P. Davies and M. Rinvolucri look at the problem of anxiety by examining the classroom environment and explaining circumstances in which adult learners may feel insecure [6]. Some classroom situations make students feel that they are constantly being judged, they are isolated, and they lack control. Often teachers neglect the atmosphere in the group and the behaviour of classmates lie at the root of such feelings of insecurity.

Teachers may not realize that they are often judgmental to their students in the classroom. They may show approval or disapproval verbally as well as by their body language. There are cases when teachers openly mocked their students or praised them without smiling or making eye contact, thus making their positive reinforcement seem insincere.

A powerful manifestation of a teacher’s judgment is error correction. Whether the teacher corrects the error explicitly, by providing the correction, or implicitly, by indicating the kind of error and giving the student the opportunity for self-correction, can make a difference. The latter technique gives adult learners another chance and tells them that they are capable of self-correction, while the former technique carries the message “You do not meet our requirements.” Such a message can also be communicated when the teacher answers her own questions before students can do so they, a very common classroom practice. It is not surprising that weak students, who need more positive feedback than their more proficient classmates, get less time (and teacher’s patience) to answer than high achievers in the class. They are just ignored by the teacher.

Adult learners are also judgmental when they express their approval or disapproval, show impatience, or mock one another. The teacher can control this behavior; as in many cases, it reveals in a competitive classroom atmosphere. If the teacher eliminates or minimizes competition for the sake of collaboration, there will be fewer opportunities for judgmental behavior by classmates. All the sneers, giggles, and snide remarks manifested by the show-off and aimed at winning teacher approval are out of place if the teacher makes it clear that students are expected to work together toward a common goal.

Adult learners may feel isolated if they are made to feel anonymous. Teachers should use students’ names when eliciting and asking questions [6]. Every student in the classroom is a person first, with a family, hobbies, likes, and dislikes. It is the task of the teacher to tactfully enquire about those areas of the student’s life and to get other students interested in them.

Feeling isolated may also be caused by feeling disregarded. Very often teachers tend to have their favorite students. Their favoritism is manifested in classrooms mainly by inconsistent error correction and unfair distribution of turns. The best-liked students have more opportunities to speak and their errors are often disregarded.

Students may also feel isolated if they feel deserted by the teacher left on their own in a classroom where no assistance is received from the teacher. Furthermore, adult learners have every reason to feel isolated if, in addition, they find that learning a foreign language is reduced to drills and has no connection to real life situations.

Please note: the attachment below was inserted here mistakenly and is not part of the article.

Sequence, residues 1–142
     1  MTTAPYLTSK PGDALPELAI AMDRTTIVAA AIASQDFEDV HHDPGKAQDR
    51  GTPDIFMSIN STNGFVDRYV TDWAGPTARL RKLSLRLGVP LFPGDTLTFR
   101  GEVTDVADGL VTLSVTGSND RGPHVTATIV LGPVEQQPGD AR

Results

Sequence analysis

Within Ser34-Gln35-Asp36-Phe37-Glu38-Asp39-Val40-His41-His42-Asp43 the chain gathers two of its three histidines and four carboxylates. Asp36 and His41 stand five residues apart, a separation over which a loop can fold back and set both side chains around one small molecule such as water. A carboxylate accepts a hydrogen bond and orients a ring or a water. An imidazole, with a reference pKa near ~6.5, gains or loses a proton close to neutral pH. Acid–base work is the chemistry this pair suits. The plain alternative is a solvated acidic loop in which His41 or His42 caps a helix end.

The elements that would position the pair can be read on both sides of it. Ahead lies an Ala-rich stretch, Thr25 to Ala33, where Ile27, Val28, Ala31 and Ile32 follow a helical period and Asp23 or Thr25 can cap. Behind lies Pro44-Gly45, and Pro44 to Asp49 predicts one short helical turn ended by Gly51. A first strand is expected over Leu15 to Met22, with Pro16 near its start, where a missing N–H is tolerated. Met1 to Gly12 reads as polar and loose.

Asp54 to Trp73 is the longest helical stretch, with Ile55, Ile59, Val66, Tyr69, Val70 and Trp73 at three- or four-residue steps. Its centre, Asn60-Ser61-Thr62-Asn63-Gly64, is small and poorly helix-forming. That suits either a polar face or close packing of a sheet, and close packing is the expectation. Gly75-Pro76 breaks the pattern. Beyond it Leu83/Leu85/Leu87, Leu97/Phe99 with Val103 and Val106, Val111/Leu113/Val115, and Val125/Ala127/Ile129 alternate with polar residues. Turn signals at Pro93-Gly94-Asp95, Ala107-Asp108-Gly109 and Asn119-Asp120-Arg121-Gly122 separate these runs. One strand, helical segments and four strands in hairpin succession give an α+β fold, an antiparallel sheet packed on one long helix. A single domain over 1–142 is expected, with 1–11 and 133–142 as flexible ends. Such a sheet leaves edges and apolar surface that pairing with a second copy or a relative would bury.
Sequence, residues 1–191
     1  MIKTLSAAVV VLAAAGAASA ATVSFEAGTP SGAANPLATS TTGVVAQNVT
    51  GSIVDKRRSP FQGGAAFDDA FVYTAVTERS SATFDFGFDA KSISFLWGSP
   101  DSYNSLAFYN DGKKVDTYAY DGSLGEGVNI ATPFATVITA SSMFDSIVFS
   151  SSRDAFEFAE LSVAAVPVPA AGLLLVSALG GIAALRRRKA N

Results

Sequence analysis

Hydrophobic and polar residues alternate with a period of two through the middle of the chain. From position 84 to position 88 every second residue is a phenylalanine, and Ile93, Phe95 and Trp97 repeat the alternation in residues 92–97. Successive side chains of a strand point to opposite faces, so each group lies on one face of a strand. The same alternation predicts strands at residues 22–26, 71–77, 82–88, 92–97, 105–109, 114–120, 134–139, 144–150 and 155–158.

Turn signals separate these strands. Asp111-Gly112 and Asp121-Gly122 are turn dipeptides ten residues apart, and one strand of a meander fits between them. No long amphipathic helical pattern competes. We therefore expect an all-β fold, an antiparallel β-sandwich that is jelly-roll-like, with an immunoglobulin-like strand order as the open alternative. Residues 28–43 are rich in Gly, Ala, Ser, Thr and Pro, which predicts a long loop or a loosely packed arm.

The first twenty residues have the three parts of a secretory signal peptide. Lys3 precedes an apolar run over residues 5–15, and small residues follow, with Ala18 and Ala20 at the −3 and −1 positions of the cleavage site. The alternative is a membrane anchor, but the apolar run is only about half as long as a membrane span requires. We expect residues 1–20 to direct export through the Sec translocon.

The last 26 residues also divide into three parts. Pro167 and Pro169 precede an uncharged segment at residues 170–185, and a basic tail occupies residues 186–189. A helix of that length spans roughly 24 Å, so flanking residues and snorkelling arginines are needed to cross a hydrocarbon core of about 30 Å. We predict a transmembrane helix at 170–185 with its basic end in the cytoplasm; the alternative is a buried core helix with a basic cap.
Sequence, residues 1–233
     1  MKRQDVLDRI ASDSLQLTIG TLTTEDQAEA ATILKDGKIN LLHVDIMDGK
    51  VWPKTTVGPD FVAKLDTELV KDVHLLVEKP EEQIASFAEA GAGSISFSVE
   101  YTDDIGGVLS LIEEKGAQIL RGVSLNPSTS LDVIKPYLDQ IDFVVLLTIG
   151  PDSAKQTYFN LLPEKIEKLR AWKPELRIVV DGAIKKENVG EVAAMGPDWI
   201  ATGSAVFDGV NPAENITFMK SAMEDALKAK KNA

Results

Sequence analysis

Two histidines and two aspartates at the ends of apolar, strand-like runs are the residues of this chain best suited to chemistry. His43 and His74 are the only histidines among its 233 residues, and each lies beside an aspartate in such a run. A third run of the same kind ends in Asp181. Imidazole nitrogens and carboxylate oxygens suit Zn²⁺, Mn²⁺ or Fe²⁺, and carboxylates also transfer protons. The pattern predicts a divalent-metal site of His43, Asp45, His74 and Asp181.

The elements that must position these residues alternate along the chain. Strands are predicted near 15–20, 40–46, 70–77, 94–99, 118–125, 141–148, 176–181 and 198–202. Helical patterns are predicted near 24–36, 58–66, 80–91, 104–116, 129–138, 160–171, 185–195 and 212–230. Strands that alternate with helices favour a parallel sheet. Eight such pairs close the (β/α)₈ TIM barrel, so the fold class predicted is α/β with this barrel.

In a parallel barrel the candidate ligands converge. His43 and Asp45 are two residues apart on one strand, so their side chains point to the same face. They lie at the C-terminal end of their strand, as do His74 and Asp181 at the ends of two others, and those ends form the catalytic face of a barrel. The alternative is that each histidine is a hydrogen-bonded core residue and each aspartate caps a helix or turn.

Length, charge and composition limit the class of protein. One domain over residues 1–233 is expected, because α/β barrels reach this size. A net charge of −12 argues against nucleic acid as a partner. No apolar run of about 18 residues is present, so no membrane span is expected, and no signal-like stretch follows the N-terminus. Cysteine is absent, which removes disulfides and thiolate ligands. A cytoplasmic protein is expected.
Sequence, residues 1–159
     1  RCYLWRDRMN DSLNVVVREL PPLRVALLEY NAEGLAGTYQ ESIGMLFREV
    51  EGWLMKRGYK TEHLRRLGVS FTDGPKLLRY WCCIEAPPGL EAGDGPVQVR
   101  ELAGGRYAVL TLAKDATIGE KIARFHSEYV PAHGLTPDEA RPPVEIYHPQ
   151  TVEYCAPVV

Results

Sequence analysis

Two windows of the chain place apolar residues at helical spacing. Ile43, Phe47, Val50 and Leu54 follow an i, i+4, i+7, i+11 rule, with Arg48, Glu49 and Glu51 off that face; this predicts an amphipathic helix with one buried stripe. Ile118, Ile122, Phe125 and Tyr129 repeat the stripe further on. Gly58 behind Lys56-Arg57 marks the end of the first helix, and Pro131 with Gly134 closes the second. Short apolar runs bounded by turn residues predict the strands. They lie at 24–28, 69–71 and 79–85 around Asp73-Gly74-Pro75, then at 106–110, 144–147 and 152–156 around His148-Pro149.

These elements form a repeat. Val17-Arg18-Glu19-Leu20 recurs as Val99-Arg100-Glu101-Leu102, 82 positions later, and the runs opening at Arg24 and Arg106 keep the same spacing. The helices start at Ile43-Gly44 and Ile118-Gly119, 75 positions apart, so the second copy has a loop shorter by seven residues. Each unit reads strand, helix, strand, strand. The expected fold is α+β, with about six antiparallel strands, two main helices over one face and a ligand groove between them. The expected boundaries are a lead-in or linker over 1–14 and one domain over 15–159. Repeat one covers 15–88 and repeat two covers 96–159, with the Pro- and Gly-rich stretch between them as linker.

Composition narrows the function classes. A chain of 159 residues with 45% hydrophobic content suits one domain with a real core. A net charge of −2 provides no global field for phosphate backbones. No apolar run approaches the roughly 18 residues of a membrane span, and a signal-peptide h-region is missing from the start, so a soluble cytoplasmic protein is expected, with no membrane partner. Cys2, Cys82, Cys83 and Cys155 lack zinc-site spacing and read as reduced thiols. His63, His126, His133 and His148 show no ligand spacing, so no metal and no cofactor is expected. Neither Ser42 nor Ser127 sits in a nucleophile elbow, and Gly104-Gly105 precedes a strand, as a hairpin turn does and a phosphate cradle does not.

The feeling of being alone among one’s adult learners is not uncommon in highly territorial classrooms in which students never want to change their seats or switch conversation partners. Thus, peer favoritism, with manifestations similar to teacher favoritism, can contribute to feelings of isolation.

The arrangement of desks can also create or contribute to isolation inside the classroom. If students do not face one another, or if someone has a place that does not allow eye contact with the teacher and fellow students, feelings of not belonging will grow.

The failure to manage classroom discourse is the main reason students sometimes feel they are being deprived of control. When turn stealing replaces turn taking such feelings can occur. If a student is always late to answer a general solicit and personal solicits directed to him are frequently appropriated by others, the student will feel he lacks control over his role in classroom interaction. Similar feelings may occur if group members are not willing to listen to one another, openly show lack of interest, or interrupt the speaker. The teacher’s explanations, if unclear or unsatisfactory, may lead to comparable frustration, and the learners feel they have no control over the language as a system. Finally, the feeling of loss of control may be caused by a domineering, controlling teacher, who leaves students feeling that they have no influence over what is going on in the classroom.

A fourth aspect of the inhibiting language classroom has to do with feeling unworthy. If a course is held in sub-standard premises and taught by an unqualified teacher, students may subconsciously assume, “I get what I deserve.” In other words, if students receive substandard teaching, then they are likely to believe they are substandard learners.

There is a wrong statement that adult learners who feel anxious during the process of learning a foreign language cannot succeed in mastering languages. However, comparing such students with more successful learners A. Turula discovered that it is much harder for anxious adult learners to achieve success in this sphere [11].

Thus, a teacher should take into consideration all psychological characteristics of adults to make the process of learning for an adult learner much easier. An adult learner wants the learning process to meet all his expectations. Theoretical material should be given briefly and effectively. The content of texts and exercises should raise his interest. The methods, on the one hand, should coincide his ability to perceive the knowledge consciously, and on the other hand, to provide an active and cheery lesson after an intense working day.



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  11. Turula, A. 2004. ‘Language Anxiety and Classroom Dynamics: A study of Adult Learners’. English Teaching Forum, vol. 40, no 4.
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Year: 2012
City: Oskemen
Category: Philology